Snowden won't return to US without amnesty
Edward Snowden would be willing to enter talks with US Attorney General Eric Holder to negotiate his return to the United States but not without a guarantee of amnesty, his legal adviser said.
Jesselyn Radack said she was glad Holder indicated last week he would talk to lawyers for the former US spy agency contractor to negotiate his return from Moscow, but that Snowden would need better protection.
"It's a little disheartening that he (Holder) seemed to take clemency and amnesty off the table, which are two of the negotiating points," said Radack, who was interviewed via satellite from Moscow.
"But again, none of us have been contacted yet about restarting negotiations," the legal adviser said.
Holder said in an interview on Thursday the United States would not consider the idea of amnesty for Snowden "where we say, no harm, no foul".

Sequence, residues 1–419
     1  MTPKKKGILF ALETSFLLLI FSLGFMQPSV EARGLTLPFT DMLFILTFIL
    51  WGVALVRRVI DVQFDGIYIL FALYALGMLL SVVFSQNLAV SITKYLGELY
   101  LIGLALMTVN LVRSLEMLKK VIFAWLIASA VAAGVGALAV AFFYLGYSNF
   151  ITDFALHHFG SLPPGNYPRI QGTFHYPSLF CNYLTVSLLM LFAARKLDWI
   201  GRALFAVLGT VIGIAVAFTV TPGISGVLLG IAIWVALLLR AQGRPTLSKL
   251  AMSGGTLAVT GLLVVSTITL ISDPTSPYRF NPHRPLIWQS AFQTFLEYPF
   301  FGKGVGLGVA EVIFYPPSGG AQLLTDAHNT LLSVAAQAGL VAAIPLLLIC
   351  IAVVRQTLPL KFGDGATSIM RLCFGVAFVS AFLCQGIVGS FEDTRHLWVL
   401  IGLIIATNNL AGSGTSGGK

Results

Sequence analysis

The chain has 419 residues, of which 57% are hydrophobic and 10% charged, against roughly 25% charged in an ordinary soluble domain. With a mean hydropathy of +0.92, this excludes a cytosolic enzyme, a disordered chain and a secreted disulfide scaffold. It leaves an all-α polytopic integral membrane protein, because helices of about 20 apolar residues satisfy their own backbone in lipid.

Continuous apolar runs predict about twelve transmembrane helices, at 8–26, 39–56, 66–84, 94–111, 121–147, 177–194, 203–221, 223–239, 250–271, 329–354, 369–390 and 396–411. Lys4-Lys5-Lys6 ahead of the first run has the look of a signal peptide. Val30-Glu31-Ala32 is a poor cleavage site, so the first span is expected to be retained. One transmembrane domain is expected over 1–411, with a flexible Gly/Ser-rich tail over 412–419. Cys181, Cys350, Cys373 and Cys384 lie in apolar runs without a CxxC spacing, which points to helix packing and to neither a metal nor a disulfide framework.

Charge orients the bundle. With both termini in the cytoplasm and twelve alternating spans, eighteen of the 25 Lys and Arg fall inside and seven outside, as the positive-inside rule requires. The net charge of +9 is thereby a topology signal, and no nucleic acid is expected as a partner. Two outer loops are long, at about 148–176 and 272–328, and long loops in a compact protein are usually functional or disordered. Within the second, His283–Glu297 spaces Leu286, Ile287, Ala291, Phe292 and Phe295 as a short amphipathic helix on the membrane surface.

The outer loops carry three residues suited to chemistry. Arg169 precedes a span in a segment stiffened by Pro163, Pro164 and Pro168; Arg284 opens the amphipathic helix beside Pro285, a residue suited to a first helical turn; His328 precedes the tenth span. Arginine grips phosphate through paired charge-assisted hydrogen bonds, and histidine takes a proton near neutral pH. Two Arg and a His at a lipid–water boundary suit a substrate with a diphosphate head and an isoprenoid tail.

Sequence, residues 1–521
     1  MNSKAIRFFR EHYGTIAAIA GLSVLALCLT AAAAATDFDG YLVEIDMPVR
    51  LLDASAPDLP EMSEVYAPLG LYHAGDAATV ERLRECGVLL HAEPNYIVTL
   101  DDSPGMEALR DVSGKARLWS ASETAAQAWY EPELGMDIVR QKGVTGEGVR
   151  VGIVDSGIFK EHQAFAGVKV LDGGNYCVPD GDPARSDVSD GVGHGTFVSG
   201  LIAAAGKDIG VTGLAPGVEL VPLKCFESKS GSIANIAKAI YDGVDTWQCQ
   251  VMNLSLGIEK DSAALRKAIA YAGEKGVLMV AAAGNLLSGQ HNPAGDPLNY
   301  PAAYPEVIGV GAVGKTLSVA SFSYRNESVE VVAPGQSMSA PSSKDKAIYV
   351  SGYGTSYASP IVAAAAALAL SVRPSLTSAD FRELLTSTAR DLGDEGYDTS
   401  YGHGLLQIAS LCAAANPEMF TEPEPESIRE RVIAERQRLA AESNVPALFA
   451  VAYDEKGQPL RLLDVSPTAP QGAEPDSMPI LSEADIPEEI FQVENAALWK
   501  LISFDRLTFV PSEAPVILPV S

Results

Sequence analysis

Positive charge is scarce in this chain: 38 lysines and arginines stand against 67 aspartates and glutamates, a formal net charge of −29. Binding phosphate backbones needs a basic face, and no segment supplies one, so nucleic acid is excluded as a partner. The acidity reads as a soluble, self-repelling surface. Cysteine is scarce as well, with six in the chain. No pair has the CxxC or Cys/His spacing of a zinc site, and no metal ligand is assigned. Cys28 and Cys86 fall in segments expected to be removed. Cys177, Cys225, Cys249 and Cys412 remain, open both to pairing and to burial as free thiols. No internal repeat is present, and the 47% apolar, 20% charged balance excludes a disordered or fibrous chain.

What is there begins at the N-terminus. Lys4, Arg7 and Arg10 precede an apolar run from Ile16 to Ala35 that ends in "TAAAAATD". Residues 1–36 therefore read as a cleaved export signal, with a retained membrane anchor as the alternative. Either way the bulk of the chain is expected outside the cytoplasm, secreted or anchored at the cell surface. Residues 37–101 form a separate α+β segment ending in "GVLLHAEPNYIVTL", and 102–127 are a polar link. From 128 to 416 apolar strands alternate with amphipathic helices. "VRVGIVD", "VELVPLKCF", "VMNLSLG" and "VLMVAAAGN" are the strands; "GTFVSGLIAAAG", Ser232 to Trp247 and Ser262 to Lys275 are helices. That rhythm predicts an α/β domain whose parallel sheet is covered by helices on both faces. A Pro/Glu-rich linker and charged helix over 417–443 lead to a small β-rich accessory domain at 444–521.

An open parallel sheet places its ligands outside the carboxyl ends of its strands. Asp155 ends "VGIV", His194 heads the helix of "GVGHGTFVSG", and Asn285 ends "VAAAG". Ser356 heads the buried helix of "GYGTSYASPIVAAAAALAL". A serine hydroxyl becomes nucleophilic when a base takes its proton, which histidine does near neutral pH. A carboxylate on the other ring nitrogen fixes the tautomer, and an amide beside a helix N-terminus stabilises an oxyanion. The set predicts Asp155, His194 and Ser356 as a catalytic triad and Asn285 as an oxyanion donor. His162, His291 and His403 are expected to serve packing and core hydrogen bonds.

Radack, who is the director of national security and human rights at the Government Accountability Project - a whistleblowers' organization - said Snowden has already suffered because his US passport has been revoked.
"He has been punished quite a bit already and while we are glad to dialogue and negotiate, he is not going to come back and face an espionage prosecution," she said.
Snowden himself on Thursday discussed what conditions would be necessary if he were to return to the United States on a website called "Free Snowden".
"Returning to the US, I think, is the best resolution for the government, the public, and myself, but it's unfortunately not possible in the face of current whistleblower protection laws, which through a failure in law did not cover national security contractors like myself," Snowden wrote.